we do that – but we have people who automatically pick the non Christmas/Thanksgiving week. But thanksgiving is a great time for volunteering for coverage because it is a short week! So we did institute a rule that you had to take Christmas/New years at some point, and not duck out.

      I was the person without kids in my group, and it was attempted to guilt me into taking coverage every Christmas until I pointed out my elderly parents would be alone at Christmas if I didn’t go home. I am grateful my parents lived well into their 90s.

    5. workswitholdstuff*

      My call centre days we had a similar idea – though it didn’t always quite work…

      It was supposed to be 8-2 or 2 – 8

      One year I offered to do a Christmas Day Morning shift (8-2), as it concinded with the shift my best friend brother did in the same call centre, so I could pick him up enroute, and my best friend picked up him up at the end, but I could pop down, see my pal and give presents too – before we all headed off to our family christmases – my family has always done a late afternoon dinner, so all we had to shift was present opening till after dinner.

      The week before, managers realised that they hadn’t had enough volunteers to cover – so they were going to tell people they’d have to do it (some people threatened to call in, but were told they’d be disciplined for it).

      They did try to make me move to 10-4, but I pointed out I’d volunteered way back in September, precisely so I’d been able to chose and *know* what shifts so I could make arrangements around working it – and I wasn’t prepared to move it, given I’d *volunteered*.

      But they were also the nitwit managers one year that tried to make only *me* change my fixed hours off and not ask the same of the people with kids, because ‘they have kids and you don’t have commitments. Reader, I had a regularly volunteering day that was aimed at getting me into the actual sector I wanted to be in. I told them, they could ask all of us, or none of us.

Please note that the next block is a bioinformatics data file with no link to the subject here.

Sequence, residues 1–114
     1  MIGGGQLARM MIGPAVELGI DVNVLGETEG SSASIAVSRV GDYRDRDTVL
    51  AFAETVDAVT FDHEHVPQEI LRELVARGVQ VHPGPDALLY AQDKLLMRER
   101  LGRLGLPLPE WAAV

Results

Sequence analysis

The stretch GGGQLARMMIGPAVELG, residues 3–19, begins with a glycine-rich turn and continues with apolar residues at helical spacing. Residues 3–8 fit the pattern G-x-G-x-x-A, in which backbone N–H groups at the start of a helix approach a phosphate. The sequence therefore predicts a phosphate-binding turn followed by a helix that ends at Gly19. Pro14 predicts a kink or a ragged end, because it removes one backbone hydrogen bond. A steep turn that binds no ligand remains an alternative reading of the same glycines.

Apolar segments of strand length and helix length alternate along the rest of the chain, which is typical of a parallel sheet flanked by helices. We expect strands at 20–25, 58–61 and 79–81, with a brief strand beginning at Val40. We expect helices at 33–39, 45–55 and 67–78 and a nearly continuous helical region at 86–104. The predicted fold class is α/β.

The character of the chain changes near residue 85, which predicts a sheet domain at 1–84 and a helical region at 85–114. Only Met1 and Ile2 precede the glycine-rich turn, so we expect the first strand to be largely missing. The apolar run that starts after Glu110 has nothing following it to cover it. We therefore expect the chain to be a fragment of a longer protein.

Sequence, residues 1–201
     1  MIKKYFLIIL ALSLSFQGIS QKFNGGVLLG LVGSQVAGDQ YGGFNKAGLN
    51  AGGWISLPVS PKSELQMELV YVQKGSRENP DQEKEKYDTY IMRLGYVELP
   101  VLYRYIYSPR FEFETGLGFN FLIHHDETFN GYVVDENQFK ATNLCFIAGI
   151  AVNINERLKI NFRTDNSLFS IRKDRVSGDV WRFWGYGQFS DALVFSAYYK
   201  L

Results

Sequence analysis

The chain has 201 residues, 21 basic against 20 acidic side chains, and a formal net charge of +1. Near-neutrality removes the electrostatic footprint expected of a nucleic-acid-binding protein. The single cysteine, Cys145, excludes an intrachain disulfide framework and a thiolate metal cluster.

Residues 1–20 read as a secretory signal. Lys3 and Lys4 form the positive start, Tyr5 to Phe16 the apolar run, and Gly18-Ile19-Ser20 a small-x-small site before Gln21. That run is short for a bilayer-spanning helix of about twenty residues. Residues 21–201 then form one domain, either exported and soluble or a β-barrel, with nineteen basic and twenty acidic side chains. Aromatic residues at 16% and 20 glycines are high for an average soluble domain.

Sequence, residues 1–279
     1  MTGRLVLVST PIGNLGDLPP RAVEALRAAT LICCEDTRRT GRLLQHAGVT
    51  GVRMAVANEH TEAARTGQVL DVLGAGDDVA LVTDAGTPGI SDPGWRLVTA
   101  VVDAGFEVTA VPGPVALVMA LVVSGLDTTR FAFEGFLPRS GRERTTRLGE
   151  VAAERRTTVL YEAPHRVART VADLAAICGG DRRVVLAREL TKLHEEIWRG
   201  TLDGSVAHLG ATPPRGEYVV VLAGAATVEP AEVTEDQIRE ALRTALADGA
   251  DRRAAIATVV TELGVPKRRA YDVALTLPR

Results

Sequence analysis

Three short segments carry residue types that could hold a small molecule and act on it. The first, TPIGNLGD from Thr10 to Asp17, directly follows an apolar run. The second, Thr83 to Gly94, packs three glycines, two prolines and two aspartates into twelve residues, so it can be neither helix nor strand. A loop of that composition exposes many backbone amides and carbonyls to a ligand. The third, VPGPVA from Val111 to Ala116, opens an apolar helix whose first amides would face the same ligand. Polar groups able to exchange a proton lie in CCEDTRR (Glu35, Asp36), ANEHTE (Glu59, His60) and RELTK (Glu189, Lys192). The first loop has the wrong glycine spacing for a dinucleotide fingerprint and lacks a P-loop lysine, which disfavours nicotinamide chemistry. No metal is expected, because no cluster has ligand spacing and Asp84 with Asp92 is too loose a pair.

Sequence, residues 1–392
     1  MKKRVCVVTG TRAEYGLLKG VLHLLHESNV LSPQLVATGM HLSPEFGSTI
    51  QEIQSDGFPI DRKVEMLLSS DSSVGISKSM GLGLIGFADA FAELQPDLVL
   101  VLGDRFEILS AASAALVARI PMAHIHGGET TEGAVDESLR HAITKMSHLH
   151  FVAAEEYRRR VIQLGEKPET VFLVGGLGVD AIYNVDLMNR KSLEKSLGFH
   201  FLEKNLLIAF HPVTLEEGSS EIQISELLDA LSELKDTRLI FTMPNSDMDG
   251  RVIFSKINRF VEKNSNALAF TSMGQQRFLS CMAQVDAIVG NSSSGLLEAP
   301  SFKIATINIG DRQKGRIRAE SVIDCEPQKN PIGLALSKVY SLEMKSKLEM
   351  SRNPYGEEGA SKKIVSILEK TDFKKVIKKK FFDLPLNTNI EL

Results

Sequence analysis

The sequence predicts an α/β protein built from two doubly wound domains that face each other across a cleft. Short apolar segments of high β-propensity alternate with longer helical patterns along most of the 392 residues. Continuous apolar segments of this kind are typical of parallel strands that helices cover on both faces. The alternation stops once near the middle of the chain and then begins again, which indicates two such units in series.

They also tried the ‘letters stating change of contracted hours don’t count as contracts’ line (I started full time, switched down when I started studying again). I pointed out that *everyone* in the centre had been told previously they did, as we’d all been told that by HR, and I’m sure that other people would be interested in hearing that definition…. (they backed off sharpish after that – I think they thought I’d just have folded, and the pushback confused them).

  7. not nice, don't care*

    Is there any legal angle to this? Maybe the childfree folks should get more vocal about discrimination.

    1. Emily*

      Unfortunately parental status is not a protected class (I think it should be), at least at the federal level in the U.S., but local and state laws may vary (assuming this letter is from the U.S.). That is not to say it may not be worth the childless employees talking to an employment law attorney, but frankly I think the first step should be the letter writer, who clearly has some power given their position, talking to the two higher ups, and I also think the childless employees should push back as as group. I think it is also awfully short sighted of the employees with children, though it’s not clear if they are all doing this or just some of them. They are not creating goodwill with their co-workers, and I know I would not lift a finger to help a c0-worker who thought they should get holidays off and I shouldn’t just because they have kids and I don’t.

    2. TootsNYC*